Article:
Review: Impeccably crafted ‘No Man of God’ seeks the truth behind Ted Bundy

Two men face a wall in "No Man of God."
Elijah Wood, left, and Luke Kirby in “No Man of God.”
(RLJE Films)

The Ted Bundy story has already been oft picked over, from the books of Ann Rule to the recent Netflix film “Extremely Wicked, Shockingly Evil and Vile,” starring former teen heartthrob Zac Efron as the notorious serial murderer. What more can be said about him? It seems we still need to understand why he did what he did, which is the central question of the new film “No Man of God,” directed by Amber Sealey, written by Kit Lesser, which explores the relationship between Bundy and FBI agent Bill Hagmaier, who forged a strange kind of friendship in the last years of Bundy’s life.

“No Man of God” is not a biopic of either Bundy (Luke Kirby) or Hagmaier (Elijah Wood). Rather, it is a portrait of their short but significant connection, hashed out in an interview room in Florida State Prison from 1985 to 1989. Hagmaier was a rookie agent at the newly formed National Center for Analysis of Violent Crime who volunteered to interview Bundy in prison in hopes of understanding his motivations for committing the rapes and murders for which he’d been convicted and sentenced to death. The goal was to use Bundy to further develop knowledge of serial killers and potentially even close a few cases.

“No Man of God” is not unlike a special episode of David Fincher’s FBI profiling Netflix series “Mindhunter”: a young agent gets a little too close to a seductive psychopath in the search for answers that might serve a bigger cause. But there’s something almost soulful in the way that Wood’s Hagmaier transcends the danger of getting too close to someone like Bundy. He respects and trusts him as much as he condemns him, both figuratively and literally. He always tells the truth, which starkly contrasts with Bundy’s twisted, self-aggrandizing personal rhetoric.

There are a few themes that Bundy repeats again and again in “No Man of God”: that Hagmaier just wants to understand him, and it’s in this understanding, this seeing of Bundy as a person and not a monster, that they are able to find a sliver of room for friendship. He also repeatedly reminds Hagmaier that they could just as easily swap places in this life, a mantra that seems to be more of a comfort to Bundy than a statement of fact.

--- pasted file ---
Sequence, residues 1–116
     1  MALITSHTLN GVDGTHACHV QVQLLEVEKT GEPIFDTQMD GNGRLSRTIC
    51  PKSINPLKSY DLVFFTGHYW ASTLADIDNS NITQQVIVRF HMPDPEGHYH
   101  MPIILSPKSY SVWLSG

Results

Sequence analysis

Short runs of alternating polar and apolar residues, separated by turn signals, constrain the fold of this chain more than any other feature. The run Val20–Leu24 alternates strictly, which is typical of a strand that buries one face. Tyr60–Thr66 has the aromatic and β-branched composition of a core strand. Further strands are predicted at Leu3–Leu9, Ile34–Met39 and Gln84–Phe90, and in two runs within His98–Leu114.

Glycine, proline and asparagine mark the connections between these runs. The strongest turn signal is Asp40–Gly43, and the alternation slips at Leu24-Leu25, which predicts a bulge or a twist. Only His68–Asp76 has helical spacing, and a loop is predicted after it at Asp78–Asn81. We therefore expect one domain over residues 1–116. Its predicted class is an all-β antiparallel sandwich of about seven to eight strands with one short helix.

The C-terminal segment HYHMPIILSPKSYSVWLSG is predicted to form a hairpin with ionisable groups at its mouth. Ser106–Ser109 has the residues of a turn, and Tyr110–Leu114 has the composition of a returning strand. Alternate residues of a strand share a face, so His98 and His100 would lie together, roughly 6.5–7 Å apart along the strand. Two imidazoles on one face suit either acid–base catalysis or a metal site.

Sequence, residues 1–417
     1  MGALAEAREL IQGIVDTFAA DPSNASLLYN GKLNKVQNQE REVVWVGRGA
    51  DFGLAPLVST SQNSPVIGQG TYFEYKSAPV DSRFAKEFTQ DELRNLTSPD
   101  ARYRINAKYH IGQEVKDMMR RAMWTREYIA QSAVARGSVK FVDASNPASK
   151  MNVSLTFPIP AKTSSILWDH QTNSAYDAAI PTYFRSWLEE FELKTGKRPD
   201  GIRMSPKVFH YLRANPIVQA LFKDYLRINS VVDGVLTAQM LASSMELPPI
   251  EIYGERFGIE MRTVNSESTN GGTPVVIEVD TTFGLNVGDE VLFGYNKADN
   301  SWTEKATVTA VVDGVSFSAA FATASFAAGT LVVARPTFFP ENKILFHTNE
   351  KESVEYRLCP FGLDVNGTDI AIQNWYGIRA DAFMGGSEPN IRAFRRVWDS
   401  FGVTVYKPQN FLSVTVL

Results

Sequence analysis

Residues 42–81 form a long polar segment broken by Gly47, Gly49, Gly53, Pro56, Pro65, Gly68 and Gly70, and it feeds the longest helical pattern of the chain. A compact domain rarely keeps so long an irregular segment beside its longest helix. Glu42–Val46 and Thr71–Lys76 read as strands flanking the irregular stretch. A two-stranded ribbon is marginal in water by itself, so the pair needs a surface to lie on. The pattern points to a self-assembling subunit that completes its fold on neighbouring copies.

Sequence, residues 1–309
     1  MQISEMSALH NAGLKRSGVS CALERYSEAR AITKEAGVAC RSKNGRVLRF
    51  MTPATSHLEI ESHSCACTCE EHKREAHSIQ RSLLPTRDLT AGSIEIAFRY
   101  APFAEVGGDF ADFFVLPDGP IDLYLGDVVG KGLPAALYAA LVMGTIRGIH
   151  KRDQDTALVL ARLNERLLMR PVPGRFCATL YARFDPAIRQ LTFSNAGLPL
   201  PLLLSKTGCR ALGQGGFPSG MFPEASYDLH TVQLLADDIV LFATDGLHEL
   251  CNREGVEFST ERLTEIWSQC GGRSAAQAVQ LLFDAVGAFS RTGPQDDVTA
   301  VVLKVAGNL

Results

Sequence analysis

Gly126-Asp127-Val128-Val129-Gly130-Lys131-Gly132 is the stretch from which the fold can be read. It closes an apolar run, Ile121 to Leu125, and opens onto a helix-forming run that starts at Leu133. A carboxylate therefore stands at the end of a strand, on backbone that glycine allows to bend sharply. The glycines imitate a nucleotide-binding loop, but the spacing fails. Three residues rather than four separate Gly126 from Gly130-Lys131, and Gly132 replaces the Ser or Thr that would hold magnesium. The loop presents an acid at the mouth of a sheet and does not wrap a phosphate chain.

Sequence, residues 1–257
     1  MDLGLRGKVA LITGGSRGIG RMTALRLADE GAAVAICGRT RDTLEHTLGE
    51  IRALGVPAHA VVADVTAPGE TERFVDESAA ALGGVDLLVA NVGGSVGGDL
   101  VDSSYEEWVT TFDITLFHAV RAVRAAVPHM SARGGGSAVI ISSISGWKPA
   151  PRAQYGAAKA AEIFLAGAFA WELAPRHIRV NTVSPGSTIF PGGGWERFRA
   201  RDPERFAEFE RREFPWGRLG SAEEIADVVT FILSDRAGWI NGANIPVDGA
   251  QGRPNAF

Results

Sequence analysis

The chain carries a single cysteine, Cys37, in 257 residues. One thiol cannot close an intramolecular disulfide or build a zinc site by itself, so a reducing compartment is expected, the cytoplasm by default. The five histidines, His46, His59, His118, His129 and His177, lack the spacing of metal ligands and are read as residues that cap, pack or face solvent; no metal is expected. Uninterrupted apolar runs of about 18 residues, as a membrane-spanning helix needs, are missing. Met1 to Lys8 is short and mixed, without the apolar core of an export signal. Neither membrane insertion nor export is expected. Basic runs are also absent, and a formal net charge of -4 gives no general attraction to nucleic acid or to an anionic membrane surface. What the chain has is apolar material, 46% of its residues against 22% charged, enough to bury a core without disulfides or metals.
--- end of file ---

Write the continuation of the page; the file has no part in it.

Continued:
“No Man of God” is impeccably and carefully directed by Sealey, and the craft on display is remarkable. Karina Silva’s precisely off-kilter cinematography animates the claustrophobic room where Hagmaier and Bundy hold their conversations. Clarice Jensen’s unsettling electronic score commingles with the camera work to build a sense of achingly slow-burn tension. Abstract interstitial montages let off a bit of steam with a propulsive electro soundtrack, marking the passing of time with images of the menacing and the mundane. The film is beautifully acted by Wood and Kirby; Kirby is especially compelling in such a challenging role, equal parts cajoling, grandiose and terrifying. His Bundy is mystifying yet always humane.

However, there’s a nagging feeling that persists during “No Man of God” as one struggles to discern why this film exists or what it’s trying to say. While it explores this unique dynamic between these two men, a relationship that made Hagmaier a legend in criminal profiling, it doesn’t feel particularly illuminating about Bundy. What Hagmaier concludes is that Bundy committed these crimes because he wanted to, and that he should pay for his actions with his life. It’s almost frustrating that it doesn’t have more to impart than that, but perhaps that’s all there is.

Katie Walsh is a Tribune News Service film critic.

‘No Man of God’

Not rated

Running time: 1 hour 40 minutes

Playing: Stars Aug. 27, Laemmle Noho, North Hollywood; Alamo Drafthouse Downtown Los Angeles